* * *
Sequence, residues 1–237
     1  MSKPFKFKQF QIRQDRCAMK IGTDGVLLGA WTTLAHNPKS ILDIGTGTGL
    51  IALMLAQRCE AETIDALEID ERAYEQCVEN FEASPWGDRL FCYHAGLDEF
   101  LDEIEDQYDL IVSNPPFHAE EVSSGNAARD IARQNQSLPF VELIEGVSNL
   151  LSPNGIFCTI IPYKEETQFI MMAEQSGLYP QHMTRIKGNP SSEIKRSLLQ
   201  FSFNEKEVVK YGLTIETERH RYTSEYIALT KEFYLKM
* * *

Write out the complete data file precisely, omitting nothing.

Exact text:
Sequence, residues 1–237
     1  MSKPFKFKQF QIRQDRCAMK IGTDGVLLGA WTTLAHNPKS ILDIGTGTGL
    51  IALMLAQRCE AETIDALEID ERAYEQCVEN FEASPWGDRL FCYHAGLDEF
   101  LDEIEDQYDL IVSNPPFHAE EVSSGNAARD IARQNQSLPF VELIEGVSNL
   151  LSPNGIFCTI IPYKEETQFI MMAEQSGLYP QHMTRIKGNP SSEIKRSLLQ
   201  FSFNEKEVVK YGLTIETERH RYTSEYIALT KEFYLKM